I Step Back

I step back. In confrontations, I step back. I am a peacekeeper and I shy away from anger.
In competition, I step back. If I believe I cannot be the best, I lose my desire to continue. And I rarely believe I can be the best anymore.
Largely uncoordinated as a child, I never participated in sports. Never. Even now, I stay away from tennis and volleyball and softball games, even at family gatherings or impromptu social events. I play few games, only Poker and Trivial Pursuit and only with family. If the tide is not going my way, I fold. I step back.
I write. I have always written. My first published work was a story I wrote as a second grade student; it was featured in NYS Creative Writer. I wrote more stories but none reached that pinnacle of success or surpassed it, so I stopped writing creatively. I stepped back.
It took almost 50 years for me to pick up the creative pen again. Retired from the law, I vowed to complete the romance novel I had been playing with for years. In the meantime, I wrote a short erotic romance. It was published by the first publisher to whom I submitted. So was my next short story. I finished my novel. Several agents and editors were “very interested.” But, a few rejection letters and silence from the rest, and it sits in my “Submissions” file. I’m not going to be the best at this. I am no Nora Roberts or Susan Elizabeth Phillips. I lost my heart for writing romance. I stepped back.
I moved on to non-fiction and wrote a memoir of my dating-after-50 adventures. My writing teacher praised each of the essays I penned. My writing sisters complimented my humor, my honesty, my voice. Everyone loved the title “Cocktales.” Once again, agents and editors were “excited” about my manuscript. But, no takers. The manuscript and the beautiful cover illustration also sit in my submission pile. I stepped back.
I stepped back from love too. I never believed that anyone would love me the best, that I would be the most important person to the person who was the most important to me. There, I was wrong. The best man I ever knew loved me the best. I knew I was not good enough for him, even without the constant reminders from his mother and my own. Being the middle of five children had taught me about my own short-comings in the “loveable” department. But my husband, I still believe, loved me as much as I loved him. And my confidence grew. Then he died. And I stepped back.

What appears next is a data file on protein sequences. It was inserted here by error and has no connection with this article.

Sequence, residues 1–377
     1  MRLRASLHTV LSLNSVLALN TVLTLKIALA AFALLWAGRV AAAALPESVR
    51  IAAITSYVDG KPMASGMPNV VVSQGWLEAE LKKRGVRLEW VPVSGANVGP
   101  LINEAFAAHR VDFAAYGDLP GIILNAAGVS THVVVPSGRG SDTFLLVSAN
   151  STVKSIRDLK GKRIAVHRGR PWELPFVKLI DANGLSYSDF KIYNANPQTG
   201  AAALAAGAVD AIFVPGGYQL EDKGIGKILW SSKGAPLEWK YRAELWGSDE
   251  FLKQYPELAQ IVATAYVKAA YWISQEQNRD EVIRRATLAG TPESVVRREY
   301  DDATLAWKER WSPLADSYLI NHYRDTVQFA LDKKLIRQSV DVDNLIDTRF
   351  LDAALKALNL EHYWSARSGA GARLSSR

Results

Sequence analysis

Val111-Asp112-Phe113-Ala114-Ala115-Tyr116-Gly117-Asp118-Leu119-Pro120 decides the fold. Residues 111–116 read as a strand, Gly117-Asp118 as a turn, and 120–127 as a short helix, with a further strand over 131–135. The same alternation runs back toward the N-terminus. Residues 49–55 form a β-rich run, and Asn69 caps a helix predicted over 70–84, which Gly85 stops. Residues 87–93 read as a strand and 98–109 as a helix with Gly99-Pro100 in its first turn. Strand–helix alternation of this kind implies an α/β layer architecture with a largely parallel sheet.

I waited a long time to try to find love again. Even then I disguised my search as one for romance not love, because who could love a 50 year-old, overweight, scarred widow? But, I found my heart opening and I realized that I was looking for love.
I started to give my heart to an old love, a love I had known for decades. But then I realized that, just as when we were teen-agers, I was not his first love. And I would never be his last love. I was his “waiting-until-my-next-true-love-comes-along” love. I caught myself before I let down all my defenses and loved him. I stepped back.
I read a silly romance this morning about a young woman who “steps back” from the man she loves because she believes he loves her prettier, wittier, younger sister and not her. It was like a bucket of cold water had been dumped on my head. Of course, the heroine will decide to fight for her man and he will realize that she is his “true love” and sweep her into his arms. It will have a “happy ever after” ending. It is a romance novel after all.
I will never be the best romance novelist, but I write great romances. I will never win the Pulitzer Prize for Literature but my essays are wise and witty and honest. I am not Georgia O’Keefe, but my paintings make me happy and make others smile.
I may never be the best love of another man but perhaps I can be the last love of someone who will be my last love, too.
I step back in.

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